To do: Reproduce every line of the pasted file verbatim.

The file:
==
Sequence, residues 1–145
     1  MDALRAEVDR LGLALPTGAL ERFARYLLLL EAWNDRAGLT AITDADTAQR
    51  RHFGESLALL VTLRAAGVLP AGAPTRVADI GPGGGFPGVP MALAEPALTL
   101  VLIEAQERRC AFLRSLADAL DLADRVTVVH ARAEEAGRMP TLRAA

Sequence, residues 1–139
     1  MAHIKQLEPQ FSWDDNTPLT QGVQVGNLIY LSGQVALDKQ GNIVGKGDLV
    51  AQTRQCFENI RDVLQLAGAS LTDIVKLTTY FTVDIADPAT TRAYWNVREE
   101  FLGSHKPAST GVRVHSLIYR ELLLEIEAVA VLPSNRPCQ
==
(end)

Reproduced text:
Sequence, residues 1–145
     1  MDALRAEVDR LGLALPTGAL ERFARYLLLL EAWNDRAGLT AITDADTAQR
    51  RHFGESLALL VTLRAAGVLP AGAPTRVADI GPGGGFPGVP MALAEPALTL
   101  VLIEAQERRC AFLRSLADAL DLADRVTVVH ARAEEAGRMP TLRAA

Sequence, residues 1–139
     1  MAHIKQLEPQ FSWDDNTPLT QGVQVGNLIY LSGQVALDKQ GNIVGKGDLV
    51  AQTRQCFENI RDVLQLAGAS LTDIVKLTTY FTVDIADPAT TRAYWNVREE
   101  FLGSHKPAST GVRVHSLIYR ELLLEIEAVA VLPSNRPCQ